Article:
A common misconception regarding fraternities is a lack of diversity, however diversity comes in many forms including academic interests, personality and national origin.
Malcolm Gladwell’s fascinating book Blink explores the idea of “thin slicing,” which says that as human beings we are capable of making sense of situations based on the thinnest slice of experience. He uses an example where normal people are given fifteen minutes to examine a student's college dormitory and can describe the subject's personality more accurately than his or her own friends. There are benefits and drawbacks to this method. On one hand, it allows us to form snap judgments saving time and research which can be more accurate than if we were to pour tedious amounts of time into investigating the situation. On the other hand, our own biases and preconceptions affect our ability to judge a situation accurately, leading to error.
Unfortunately, the fraternity industry is one that many people “thin slice” often. Movies such as Animal House and media news stories of hazing and deaths have painted fraternities in such a bad light that any interaction between non Greek Life and Greek Life members has become littered with stereotypes. One of these stereotypes concerns the diversity present in Greek Life – namely that each fraternity only recruits the same kind of people, leading to a fraternity being a clique where everyone looks the same, acts the same, and likes the same things. Potential members may be turned off because they feel they don’t have the look, likings, or personality fit that a fraternity exudes.
Frankly, similarities within a group arise from a natural progression of being close friends who spend lots of time together. Friends tend to adopt each other’s mannerisms, dress styles, and likings. So it’s not necessarily that fraternities only recruit a certain type of member - it’s that members come in and have an effect on each other. In this case, an outsider’s perception may not be accurate on the dynamics of a group.
Additionally, the way a group looks is the first thing an outsider sees, leading one to believe that the group contains no diversity. But the look of a group is not the only type of diversity. The following are other types of diversity that add and enhance a group’s dynamics which are not readily apparent:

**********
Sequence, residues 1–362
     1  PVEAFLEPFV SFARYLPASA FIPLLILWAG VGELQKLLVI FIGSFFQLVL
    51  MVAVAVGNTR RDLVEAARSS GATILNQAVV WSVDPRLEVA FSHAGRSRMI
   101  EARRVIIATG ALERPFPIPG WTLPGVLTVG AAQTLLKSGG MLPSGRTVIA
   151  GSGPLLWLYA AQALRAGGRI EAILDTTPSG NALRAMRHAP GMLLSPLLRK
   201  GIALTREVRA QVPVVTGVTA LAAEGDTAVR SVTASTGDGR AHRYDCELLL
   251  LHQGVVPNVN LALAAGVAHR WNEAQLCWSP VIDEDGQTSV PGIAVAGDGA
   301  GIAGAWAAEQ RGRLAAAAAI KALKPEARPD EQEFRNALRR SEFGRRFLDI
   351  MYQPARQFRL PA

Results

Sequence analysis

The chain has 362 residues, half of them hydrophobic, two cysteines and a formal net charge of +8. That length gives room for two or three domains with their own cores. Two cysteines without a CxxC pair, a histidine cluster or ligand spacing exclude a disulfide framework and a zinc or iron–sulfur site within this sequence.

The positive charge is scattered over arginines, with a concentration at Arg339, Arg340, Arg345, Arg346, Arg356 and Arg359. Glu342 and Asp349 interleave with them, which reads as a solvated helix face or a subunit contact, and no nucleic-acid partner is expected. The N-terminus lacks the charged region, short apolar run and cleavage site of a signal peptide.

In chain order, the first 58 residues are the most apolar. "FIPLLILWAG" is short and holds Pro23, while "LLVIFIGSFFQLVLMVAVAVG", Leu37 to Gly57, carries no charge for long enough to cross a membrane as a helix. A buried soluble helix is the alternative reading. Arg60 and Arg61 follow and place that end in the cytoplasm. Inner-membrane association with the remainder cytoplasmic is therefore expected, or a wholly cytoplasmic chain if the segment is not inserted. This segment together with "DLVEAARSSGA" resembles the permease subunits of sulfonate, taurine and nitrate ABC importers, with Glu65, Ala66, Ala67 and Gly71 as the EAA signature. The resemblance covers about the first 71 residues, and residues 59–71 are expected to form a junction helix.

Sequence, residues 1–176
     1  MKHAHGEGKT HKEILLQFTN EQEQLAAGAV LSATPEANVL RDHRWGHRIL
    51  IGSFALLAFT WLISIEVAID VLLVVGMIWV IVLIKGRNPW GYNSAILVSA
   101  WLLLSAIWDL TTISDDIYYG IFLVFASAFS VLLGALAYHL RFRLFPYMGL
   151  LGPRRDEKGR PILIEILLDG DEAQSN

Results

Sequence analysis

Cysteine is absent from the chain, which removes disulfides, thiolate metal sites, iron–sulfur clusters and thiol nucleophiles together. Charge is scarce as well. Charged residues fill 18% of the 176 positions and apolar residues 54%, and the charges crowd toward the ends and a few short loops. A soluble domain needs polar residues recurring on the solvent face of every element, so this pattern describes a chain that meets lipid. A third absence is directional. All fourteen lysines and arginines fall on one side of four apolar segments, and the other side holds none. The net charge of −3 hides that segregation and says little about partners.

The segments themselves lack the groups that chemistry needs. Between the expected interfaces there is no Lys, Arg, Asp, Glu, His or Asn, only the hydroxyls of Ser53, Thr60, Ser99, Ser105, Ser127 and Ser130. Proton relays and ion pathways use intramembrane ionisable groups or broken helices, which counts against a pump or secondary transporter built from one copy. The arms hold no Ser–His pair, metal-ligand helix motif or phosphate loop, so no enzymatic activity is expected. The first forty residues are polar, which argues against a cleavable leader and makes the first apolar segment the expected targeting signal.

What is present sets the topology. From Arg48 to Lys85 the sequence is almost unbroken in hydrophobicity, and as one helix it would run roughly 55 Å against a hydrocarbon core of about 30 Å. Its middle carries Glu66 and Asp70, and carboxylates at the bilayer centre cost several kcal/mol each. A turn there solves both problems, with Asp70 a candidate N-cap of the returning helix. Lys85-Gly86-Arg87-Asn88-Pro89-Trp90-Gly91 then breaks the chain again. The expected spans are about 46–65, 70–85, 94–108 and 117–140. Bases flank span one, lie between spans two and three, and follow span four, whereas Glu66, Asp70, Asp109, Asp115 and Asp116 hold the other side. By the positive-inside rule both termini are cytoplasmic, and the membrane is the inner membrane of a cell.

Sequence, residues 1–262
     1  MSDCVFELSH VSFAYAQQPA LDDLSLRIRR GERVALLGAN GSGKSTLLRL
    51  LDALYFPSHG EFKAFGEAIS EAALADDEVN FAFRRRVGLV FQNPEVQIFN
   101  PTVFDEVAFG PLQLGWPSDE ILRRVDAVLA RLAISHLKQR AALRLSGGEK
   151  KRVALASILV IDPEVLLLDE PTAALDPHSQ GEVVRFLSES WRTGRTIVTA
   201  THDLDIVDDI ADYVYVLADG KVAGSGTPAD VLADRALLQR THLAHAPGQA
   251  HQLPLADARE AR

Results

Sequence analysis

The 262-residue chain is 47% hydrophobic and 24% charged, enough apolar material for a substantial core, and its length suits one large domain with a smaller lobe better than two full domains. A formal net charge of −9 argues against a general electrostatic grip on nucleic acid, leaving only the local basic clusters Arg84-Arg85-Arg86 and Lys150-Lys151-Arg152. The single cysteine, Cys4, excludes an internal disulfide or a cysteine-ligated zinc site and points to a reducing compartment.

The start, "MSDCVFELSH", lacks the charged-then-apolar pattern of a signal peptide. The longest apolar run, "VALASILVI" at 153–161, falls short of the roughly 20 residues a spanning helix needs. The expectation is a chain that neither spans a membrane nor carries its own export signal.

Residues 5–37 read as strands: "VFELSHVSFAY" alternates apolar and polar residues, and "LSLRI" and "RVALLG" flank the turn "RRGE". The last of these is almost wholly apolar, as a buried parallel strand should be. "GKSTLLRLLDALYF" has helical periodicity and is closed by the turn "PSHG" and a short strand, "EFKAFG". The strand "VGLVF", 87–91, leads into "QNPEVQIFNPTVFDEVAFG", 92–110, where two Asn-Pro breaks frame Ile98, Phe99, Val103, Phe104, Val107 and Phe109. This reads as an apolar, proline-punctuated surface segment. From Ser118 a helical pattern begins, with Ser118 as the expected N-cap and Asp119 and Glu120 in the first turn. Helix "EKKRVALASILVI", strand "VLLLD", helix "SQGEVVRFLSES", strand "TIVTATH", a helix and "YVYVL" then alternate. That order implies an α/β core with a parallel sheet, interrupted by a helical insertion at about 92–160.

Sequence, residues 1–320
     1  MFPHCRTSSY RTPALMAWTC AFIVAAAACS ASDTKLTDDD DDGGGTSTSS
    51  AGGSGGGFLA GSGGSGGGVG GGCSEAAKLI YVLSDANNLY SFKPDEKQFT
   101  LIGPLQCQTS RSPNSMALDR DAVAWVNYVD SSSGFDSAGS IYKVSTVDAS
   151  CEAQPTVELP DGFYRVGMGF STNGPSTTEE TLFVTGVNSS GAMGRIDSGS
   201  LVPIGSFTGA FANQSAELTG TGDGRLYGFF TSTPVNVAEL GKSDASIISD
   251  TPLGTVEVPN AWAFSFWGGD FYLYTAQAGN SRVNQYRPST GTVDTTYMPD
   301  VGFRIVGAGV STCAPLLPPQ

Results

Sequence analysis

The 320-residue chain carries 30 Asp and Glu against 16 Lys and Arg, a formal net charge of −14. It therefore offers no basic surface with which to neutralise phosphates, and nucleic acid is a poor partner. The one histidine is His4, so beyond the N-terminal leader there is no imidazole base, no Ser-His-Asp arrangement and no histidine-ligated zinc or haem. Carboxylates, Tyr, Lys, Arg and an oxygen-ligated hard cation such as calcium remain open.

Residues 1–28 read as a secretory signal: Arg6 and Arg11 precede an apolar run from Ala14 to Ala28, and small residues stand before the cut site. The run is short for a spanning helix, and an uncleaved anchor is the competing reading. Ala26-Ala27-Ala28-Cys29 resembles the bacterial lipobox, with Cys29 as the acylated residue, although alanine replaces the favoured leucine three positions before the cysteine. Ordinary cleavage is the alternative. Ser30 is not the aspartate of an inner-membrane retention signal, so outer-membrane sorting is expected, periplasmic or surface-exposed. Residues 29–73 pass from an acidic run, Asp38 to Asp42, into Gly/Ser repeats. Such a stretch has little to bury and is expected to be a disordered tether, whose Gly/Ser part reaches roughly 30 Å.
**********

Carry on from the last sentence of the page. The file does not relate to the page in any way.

- Personality: Contrary to popular belief, not every person in a fraternity is wildly extroverted with a penchant for partying. While extraversion is valued as a good social trait, our fraternity has an extremely wide range of personality traits.
- Majors: Academic interests are another form of group diversity. Every chapter has liberal arts (business and social science), physical sciences (chemistry, biology), engineering, and fine arts (music, drama) majors. Why is this important? Well, besides the obvious in that you can get some help in your studies, these academic interests contribute to a thriving, healthy discussion when debates arise.
- Religion: Every chapter has brothers of different religions from Christianity and Islam to Hinduism and Judaism. Then there are brothers who are not religious at all. Members can learn about each other’s religion as well as provide a valuable, different perspective on issues.
- Hobbies and Interests: Some members may be diehard Dallas Cowboys fans, while others may love the Titans or Steelers. Some may love graphic design or writing. We have brothers who participate in and lead Bhangra teams and Raas teams. In any case, you will be sure to find someone who you can share an interest with. Or a budding rivalry!
- Geographic: Although Beta Chi Theta is a South Asian fraternity, I know brothers from the US, Canada, Saudi Arabia, Africa, and Malaysia, among other places. It’s always interesting to hear stories and learn about cultures from other places. This will only widen your global perspective and make you a more cultured person.
Once you join a fraternity and peel back the layers of the overall group, you will quickly discover many other types of diversity that exist which you would have never guessed. Even today, my brothers continue to surprise me with different things that I never knew about them.
So don’t fall victim to “thin slicing” a fraternity. Really get to know the guys and mold your opinion from there. Diversity is more than skin deep.
This blog post was originally published by Brother Ehson Afshar on September 6th, 2010.